After growing up being a fanatic of the Washington Redskins in the 1980’s, I learned something important from coach Joe Gibbs, every team needs a quality back-up quarterback (QB).
There was always someone to step up, whether it was Jay Schroeder stepping in for an injured Joe Theismann, or Doug Williams, Stan Humphries, or Mark Rypien stepping up – – Washington always had someone waiting in the wings. Gibbs is the only coach in NFL history to win three Super Bowls with three different QB’s. Gibbs proved just how important this really is.
During my time with the Jets, I got into my first big battle with management in 1999, when QB Vinny Testaverde ruptured his Achilles’ right out of the gates and not having a quality back-up resulted in Jets going from the AFC Championship game in ’98 to mediocrity in ’99 (8-8). It also resulted in Bill Parcells’ stepping down as head coach.
All off-season, prior to that season, I told anyone who would listen that we needed a quality veteran back-up to Testaverde. Instead, Parcells brought in QB Rick Mirer from Green Bay (who looked like a deer in headlights when I saw him in the hallway) and one of the guys he used to have in New England, QB Scott Zolak (who looked awful on film). It was said Mirer was brought in from Green Bay because Parcells was best friends with the Packers’ GM at the time, Ron Wolf.The Jets lack of better planning resulted in everything being destroyed Parcells had built.
Every team needs an established back-up.
It is downright puzzling to me that the Jaguars traded QB Gardner Minshew to Philadelphia for a conditional 6th round pick?
That is like getting a receipt from Goodwill for getting rid of a bunch of old clothes.
What if Lawrence gets hurt?
What if Lawrence is not ready?
What if Lawrence is a bust?
Granted, Jaguars’ QB C.J. Beathard has looked solid this preseason and now is Lawrence’s back-up, but I just do not understand why Jacksonville would sell their more proven insurance policy basically for pennies on the dollar?
Every team is one hit away from the back-up being the starter. However, it is not just the threat of physical injury. There is also the toll of what a rough and tumble rookie season could spell from the neck up for both Lawrence and Wilson. Many young high round QB’s have taken such a pounding it has completely ruined their confidence – – and their careers.
This is not stopping Jacksonville from doubling down on Lawrence, who did not win the starting job based on merit this preseason. Lawrence did not remotely show through the first two pre-season games he is ready to be Jacksonville’s starter – – not to mention constant pressure he was under.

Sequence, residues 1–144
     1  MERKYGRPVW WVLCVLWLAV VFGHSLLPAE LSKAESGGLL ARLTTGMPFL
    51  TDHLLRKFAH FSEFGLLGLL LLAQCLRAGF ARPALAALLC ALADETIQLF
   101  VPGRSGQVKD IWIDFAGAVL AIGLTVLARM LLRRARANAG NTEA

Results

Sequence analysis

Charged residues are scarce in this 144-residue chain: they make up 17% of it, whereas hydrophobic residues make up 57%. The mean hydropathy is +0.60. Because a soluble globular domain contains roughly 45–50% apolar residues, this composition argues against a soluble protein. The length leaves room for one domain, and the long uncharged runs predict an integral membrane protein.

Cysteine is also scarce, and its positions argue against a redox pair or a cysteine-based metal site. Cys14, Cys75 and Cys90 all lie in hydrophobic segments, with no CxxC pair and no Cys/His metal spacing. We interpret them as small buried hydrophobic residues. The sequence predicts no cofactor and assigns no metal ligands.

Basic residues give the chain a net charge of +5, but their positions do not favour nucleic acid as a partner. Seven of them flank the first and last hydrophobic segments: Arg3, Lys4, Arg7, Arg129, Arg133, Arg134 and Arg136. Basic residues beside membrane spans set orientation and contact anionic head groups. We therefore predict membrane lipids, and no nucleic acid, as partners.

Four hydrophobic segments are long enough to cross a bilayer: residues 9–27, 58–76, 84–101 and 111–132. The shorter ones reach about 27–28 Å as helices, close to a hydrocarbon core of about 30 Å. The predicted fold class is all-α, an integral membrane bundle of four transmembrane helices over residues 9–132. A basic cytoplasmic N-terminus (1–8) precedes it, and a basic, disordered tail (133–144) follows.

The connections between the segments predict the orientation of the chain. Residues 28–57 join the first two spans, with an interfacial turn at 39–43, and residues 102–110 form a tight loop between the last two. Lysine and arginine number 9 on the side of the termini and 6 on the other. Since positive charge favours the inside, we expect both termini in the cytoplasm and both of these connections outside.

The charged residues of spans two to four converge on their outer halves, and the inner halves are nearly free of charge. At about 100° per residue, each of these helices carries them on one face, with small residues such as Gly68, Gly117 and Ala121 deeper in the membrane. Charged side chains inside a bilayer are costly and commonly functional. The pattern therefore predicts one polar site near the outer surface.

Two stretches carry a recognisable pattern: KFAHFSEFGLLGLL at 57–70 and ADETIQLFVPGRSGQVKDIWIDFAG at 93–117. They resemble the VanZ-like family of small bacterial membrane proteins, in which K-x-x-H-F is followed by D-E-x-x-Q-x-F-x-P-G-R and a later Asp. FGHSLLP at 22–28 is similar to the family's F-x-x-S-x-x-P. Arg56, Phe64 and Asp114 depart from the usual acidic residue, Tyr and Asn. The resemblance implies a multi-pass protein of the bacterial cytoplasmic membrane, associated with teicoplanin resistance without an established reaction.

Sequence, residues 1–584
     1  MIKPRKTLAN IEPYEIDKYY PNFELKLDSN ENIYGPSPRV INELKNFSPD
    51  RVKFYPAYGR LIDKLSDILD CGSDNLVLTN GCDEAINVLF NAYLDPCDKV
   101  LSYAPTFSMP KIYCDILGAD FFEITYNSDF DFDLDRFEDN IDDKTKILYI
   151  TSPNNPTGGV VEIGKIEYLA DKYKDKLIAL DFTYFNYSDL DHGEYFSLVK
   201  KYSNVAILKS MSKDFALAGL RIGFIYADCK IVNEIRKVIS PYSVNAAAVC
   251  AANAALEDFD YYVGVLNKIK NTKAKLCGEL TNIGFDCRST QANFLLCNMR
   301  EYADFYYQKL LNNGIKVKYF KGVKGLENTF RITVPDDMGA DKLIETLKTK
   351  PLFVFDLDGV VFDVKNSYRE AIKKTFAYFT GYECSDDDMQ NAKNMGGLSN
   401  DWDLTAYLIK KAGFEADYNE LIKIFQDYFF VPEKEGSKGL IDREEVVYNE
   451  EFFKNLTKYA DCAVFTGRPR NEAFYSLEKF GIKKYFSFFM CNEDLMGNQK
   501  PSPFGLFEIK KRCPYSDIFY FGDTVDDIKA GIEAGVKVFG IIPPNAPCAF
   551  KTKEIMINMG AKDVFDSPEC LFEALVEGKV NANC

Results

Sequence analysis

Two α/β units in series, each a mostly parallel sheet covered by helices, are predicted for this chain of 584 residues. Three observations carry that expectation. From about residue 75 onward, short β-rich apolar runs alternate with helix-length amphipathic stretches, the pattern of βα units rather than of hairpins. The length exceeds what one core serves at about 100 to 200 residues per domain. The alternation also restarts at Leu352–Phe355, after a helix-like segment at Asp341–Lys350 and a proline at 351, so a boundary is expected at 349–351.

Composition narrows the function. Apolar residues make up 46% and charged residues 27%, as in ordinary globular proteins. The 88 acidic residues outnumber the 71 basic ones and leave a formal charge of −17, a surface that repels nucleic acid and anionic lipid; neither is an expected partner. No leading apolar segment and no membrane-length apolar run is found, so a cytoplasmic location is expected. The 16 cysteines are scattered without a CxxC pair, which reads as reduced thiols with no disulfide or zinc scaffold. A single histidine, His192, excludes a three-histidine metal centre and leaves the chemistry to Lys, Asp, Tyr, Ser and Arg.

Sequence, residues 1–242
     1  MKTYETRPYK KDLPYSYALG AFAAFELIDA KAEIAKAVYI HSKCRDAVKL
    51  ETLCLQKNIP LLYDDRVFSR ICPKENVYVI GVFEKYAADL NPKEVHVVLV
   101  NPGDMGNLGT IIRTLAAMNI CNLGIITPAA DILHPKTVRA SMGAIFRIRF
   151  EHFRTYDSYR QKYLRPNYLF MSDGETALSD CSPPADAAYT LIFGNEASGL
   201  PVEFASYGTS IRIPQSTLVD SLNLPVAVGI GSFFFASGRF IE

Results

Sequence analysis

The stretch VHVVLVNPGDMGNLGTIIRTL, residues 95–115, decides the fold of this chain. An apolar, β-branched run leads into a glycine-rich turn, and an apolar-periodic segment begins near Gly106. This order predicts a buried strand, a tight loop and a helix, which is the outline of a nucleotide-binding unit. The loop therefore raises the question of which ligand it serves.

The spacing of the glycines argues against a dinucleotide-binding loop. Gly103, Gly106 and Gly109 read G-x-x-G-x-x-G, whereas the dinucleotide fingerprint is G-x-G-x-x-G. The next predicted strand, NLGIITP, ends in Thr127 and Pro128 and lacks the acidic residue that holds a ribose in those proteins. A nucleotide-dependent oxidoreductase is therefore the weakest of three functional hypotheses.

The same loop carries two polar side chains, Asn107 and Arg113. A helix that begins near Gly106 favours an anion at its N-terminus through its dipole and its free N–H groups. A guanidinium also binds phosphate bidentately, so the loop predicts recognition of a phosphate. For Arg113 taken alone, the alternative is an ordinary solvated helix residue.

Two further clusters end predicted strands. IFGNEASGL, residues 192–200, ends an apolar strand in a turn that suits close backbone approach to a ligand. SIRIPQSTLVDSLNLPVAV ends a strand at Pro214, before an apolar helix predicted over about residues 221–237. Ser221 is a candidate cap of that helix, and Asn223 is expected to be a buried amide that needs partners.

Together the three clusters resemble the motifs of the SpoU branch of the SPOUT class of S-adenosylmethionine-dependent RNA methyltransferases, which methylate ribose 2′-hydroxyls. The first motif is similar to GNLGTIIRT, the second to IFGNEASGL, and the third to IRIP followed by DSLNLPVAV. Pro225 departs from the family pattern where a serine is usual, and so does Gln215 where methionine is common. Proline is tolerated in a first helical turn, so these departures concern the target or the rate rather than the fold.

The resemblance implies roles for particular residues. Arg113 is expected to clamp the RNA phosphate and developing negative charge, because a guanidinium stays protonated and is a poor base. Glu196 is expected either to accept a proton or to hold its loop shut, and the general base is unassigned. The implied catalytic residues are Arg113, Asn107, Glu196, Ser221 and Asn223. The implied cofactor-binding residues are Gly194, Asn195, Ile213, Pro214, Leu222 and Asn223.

As a general manager, I never would have drafted Lawrence to begin with, but the logic seems to be missing in the current regime that is in Jacksonville who does believe in Lawrence.
The same rings true for the New York Jets. They drafted QB Zach Wilson #2 overall and then put two back-ups behind him who have never taken an NFL snap? At least Jacksonville has Beathard, who has NFL experience. The Jets do not even have that?
At least Chicago has the luxury of two experienced veteran QB’s (Andy Dalton and Nick Foles) to go along with their first round pick, Justin Fields. San Francisco also looks smarter for hanging on veteran Jimmy Garoppolo with their unproven rookie QB, Trey Lance, who was taken third overall.
Nothing the Jaguars or Jets have done with their QB decisions makes sense from a strategic standpoint and there is no turning back from what could very well prove to be devastating choices for both of these organizations.
There is zero logic behind these decisions, because even if Lawrence and Wilson turn out to be great like the men who picked them hope they do, nobody is immune from the injury bug.
Is third stringer Jake Luton (who threw three times as many interceptions as touchdowns last season) ready to be Beathard’s back-up if Lawrence gets hurt?
At the very least the Jets could have gone out and traded for a veteran like Foles, signed RGIII, talked Philip Rivers out of retirement – – done something – – anything. I am not saying these guys are the answer, but at least they have experience and could fill in and do well enough instead of possibly letting everything completely fall apart for the other 52 guys on the roster.
I understand a vote of confidence in these rookies, but it is not logical. Both organizations have unnecessarily put their teams and their first round investments in jeopardy and both teams are now one hit away – – or too many hits away from a bad season or possibly much worse.
Odds are these decisions are going to get everyone fired in Jacksonville and New York.
Daniel Kelly is a former NFL scout with the New York Jets. He was hired on the regime which featured Bill Parcells, Bill Belichick, Scott Pioli, Mike Tannenbaum, and Dick Haley. He currently writes for Sports Illustrated Detroit Lions and he is a contributing evaluator for Draft Diamonds. For more information about him visit his website at whateverittakesbook.com. He can be followed on Twitter @danielkellybook and his Facebook page is WHATEVER IT TAKES NFL TALK.